Amstel Hotel, Amsterdam

Amstel Hotel

The luxurious Amstel Hotel at Professor Tulp­plein 1, over­looking the Amstel river near the Sarphati­straat, was designed by architect Cornelis Outshoorn (who also designed the Fodor building, now Photo­graphy Museum Foam). Commissioned by Samuel Sarphati, the Amstel Hotel opened in 1867 — Sarphati died in 1866 before the hotel opened.

In the original plans it was meant to have four wings, but only one has been realized due to initial financing issues. The entrance, origi­nally planned to be at the Sarphati­straat, is now on Professor Tulp­plein. The hotel changed owners quite a few times, but is still run by the Inter­Continental Hotels Group.

Amstel Hotel, Amsterdam, seen from the water of the Amstel

Amstel Hotel seen from the water of the Amstel, looking towards Sarphati­straat (June 2020).

Samuel Sarphati

Samuel Sarphati (1813-1866) was a physician, chemist and bene­factor of Portuguese-Jewish descent. Sarphati was a brilliant and driven man, full of ideas and initiatives — he shook the lethargic city up quite a bit, clashing many times with the bureau­cratic Amsterdam council. In the 19th century, Amsterdam was a city well past its heyday, still beautiful but with many neigbor­hoods filthy, derelict and dirty.

Portrait of Dr. Samuel Sarphati, by Sybrand Altmann

Dr. Samuel Sarphati, portrait by Sybrand Altmann (1822-1890) (Stads­archief Amsterdam).

Sarphati devoted a lot of energy to his efforts to improve the city and the living conditions of its inhabitants. He played an important role in the develop­ment and growth of education, public health, city planning and industry, spear­heading projects of city expansion. He wanted to make the city more beautiful and give it more international prestige with projects like the Paleis voor Volks­vlijt (Palace of Popular Dili­gence, burned down in 1929) and the Amstel Hotel.

His initiatives helped to improve quality of life in the city — he had a bread factory built to provide cheaper bread and created a trash collection service. Amsterdam’s Sarphati­straat and Sarphati­park are named after him. He was buried at the Portuguese-Israëlite cemetery Beth Haim in Ouder­kerk aan de Amstel.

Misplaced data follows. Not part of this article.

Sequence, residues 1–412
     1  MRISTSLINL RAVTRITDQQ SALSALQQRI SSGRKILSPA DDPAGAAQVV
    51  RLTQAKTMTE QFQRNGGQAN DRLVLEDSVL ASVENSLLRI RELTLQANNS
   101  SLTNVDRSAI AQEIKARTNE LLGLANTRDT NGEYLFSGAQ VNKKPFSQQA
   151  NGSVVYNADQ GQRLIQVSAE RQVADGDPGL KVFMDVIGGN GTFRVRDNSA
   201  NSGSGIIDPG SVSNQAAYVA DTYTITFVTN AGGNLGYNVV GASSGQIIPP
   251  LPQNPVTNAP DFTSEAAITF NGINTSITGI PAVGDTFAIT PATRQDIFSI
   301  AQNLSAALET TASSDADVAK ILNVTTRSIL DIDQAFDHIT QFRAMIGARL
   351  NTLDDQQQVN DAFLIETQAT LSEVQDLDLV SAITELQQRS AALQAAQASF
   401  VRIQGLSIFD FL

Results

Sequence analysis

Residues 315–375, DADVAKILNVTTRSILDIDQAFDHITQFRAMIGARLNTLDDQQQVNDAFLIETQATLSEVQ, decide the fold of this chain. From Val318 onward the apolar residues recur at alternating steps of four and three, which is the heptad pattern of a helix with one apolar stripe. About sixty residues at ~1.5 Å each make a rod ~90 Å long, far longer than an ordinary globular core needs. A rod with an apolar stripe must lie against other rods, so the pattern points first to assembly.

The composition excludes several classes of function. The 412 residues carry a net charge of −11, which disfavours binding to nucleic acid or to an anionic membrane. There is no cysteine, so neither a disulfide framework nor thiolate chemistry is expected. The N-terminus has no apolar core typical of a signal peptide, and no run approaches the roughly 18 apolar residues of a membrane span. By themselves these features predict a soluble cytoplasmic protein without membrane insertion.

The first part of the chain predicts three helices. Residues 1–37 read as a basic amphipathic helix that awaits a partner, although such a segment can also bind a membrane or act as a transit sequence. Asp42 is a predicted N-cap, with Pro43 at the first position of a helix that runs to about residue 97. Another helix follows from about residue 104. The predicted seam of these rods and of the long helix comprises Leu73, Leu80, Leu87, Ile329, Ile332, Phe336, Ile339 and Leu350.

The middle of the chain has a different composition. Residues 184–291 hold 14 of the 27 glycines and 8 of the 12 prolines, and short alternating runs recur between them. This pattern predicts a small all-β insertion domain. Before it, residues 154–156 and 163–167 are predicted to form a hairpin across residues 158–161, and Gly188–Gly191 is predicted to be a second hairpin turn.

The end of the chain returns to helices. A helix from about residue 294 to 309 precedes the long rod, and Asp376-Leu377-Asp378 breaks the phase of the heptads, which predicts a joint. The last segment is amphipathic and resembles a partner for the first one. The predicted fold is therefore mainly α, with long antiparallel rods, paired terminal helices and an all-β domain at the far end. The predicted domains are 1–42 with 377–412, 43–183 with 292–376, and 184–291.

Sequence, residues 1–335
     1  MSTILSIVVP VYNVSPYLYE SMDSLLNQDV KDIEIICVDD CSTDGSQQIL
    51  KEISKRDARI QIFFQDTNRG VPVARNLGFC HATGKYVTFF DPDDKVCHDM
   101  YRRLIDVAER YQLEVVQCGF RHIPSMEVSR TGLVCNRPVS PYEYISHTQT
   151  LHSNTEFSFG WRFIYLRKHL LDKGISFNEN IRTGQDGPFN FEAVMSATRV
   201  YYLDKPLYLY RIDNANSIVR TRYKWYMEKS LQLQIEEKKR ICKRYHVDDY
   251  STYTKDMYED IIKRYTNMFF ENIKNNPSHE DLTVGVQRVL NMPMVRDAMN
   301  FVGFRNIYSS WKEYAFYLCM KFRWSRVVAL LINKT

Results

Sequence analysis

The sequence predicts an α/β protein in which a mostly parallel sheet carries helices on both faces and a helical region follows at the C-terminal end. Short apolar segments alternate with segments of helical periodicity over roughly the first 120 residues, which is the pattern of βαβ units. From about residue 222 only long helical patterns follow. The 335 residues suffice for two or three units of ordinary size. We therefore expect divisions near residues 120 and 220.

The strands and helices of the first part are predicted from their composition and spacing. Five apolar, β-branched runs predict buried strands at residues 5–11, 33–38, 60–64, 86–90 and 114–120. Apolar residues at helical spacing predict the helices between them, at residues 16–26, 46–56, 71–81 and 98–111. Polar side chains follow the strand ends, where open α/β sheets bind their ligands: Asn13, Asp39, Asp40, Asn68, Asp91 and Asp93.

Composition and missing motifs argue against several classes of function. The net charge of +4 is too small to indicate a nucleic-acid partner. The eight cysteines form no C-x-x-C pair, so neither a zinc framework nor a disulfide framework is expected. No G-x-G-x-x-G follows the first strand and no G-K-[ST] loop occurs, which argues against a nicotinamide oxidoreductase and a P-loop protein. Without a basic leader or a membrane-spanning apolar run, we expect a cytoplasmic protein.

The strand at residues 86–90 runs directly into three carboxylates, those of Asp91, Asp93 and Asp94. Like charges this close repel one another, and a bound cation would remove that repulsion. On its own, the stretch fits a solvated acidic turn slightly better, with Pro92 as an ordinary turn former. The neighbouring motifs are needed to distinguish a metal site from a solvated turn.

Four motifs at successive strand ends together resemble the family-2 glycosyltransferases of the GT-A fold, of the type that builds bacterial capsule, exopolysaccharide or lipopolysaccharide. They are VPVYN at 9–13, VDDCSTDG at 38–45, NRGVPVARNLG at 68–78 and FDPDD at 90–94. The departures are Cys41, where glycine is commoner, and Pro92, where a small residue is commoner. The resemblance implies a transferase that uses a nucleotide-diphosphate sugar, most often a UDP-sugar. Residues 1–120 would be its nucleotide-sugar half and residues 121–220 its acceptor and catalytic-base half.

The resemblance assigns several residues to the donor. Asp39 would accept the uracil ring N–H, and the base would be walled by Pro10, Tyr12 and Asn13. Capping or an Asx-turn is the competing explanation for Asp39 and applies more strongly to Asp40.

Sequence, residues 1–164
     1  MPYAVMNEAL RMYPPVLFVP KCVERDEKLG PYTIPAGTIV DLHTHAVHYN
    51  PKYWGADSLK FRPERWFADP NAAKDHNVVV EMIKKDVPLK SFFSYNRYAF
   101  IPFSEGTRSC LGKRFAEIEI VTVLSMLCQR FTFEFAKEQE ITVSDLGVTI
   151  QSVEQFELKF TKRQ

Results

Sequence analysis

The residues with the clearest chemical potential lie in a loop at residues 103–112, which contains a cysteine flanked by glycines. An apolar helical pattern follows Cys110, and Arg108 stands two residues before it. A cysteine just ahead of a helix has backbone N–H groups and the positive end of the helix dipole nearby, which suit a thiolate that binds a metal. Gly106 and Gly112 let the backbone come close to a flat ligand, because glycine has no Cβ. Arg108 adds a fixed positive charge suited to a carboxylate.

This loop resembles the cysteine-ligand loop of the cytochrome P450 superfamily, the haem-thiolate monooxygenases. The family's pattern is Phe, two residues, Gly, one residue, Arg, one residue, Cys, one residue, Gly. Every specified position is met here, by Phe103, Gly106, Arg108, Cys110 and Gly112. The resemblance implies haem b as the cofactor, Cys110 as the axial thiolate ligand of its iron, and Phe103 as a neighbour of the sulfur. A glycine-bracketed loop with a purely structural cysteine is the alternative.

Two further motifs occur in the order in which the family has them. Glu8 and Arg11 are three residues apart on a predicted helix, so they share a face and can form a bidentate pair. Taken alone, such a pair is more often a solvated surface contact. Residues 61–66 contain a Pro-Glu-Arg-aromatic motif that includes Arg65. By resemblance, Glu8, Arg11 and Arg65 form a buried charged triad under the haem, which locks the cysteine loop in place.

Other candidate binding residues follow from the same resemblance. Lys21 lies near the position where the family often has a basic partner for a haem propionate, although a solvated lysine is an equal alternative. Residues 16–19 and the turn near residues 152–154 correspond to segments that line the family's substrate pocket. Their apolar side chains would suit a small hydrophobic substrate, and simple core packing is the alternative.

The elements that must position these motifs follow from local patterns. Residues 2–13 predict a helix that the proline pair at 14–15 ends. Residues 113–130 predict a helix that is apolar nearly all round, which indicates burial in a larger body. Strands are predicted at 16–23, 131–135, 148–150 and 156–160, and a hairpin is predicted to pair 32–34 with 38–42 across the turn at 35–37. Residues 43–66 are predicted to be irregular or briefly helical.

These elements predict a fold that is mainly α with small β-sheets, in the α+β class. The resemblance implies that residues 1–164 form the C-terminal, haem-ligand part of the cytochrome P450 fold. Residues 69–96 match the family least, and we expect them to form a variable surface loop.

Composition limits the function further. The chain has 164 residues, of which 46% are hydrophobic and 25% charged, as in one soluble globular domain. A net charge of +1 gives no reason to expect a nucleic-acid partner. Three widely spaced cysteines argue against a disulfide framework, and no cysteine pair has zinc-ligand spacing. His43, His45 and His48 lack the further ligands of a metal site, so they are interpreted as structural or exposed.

View from the Amstel Hotel towards Hoge Sluis and Paleis voor Volksvlijt in Amsterdam in 1890

View from the Amstel Hotel towards the Hoge Sluis bridge and the Paleis voor Volks­vlijt in 1890.

A Slow Start & Important Guests

In the first years of the Amstel Hotel tourism was only just starting and it seemed like the investment was not going to be profitable. But in 1870, when pioneer of physio­therapy Johann Georg Mezger started his business in the hotel, his fame soon attracted many patients and the hotel became a spa destination for royal and aristo­cratic guests from all over the world.

In modern days the hotel has been receiving a multitude of famous guests, as well as pop and rock stars. Many royals stayed at this hotel during the wedding of Prince Willem-Alexander and Máxima Zorreguieta in 2002, as well as during the Dutch succession in 2013, when King Willem-Alexander took over from Queen Beatrix.

Amstel Hotel façade from the Amstel river, Amsterdam

Amstel Hotel façade from the Amstel river (June 2020).

Physical Therapy in the Amstel Hotel

Johann Georg Mezger (1838-1909) was a GP and massage therapist who worked from the Amstel Hotel for many famous clients. His parents had migrated from Württemberg (Germany) to Amsterdam. After training as a gym teacher and learning about thera­peutic exercise, he studied to be a GP in Leiden. His therapies proved quite succesful — after treating a son of Dutch King Willem III succes­fully, his fame rose and he got his first royal decoration.

Portrait of physician Johann Georg Mezger by Petrus Johannes Arendzen, 1886

Portrait of physician Johann Georg Mezger by Petrus Johannes Arendzen, 1886 (Rijks­museum).

From 1870 until 1888 Mezger treated many royal and noble clients in the Amstel Hotel, where he also lived during the first years. He succes­fully treated 13-year old Prince Gustav (later King of Sweden) in 1871, adding to his fame. This supplied him with many important clients, like Empress Elisabeth of Austria (Sisi), baron Lionel Walter Rothschild, Empress Eugénie of France (wife of Napoleon III), Queen Elisabeth zu Wied of Romania and Dutch literary professor J.A. Alber­dingk Thijm.

Amstel Hotel, Amsterdam, seen from the Amstel river

Amstel Hotel seen from the Amstel river (June 2020).

An extensive restoration of the Amstel Hotel in 1992 took care of the façade, the roof, the ornaments, sculptures and windows, restoring the original colors from when the hotel was built. All was done in the original materials. Faithful repro­ductions of the eight lions on every corner of the roof, once disappeared, were put back then as well.

Amstel Hotel website:

Travelers' Map is loading...
If you see this after your page is loaded completely, leafletJS files are missing.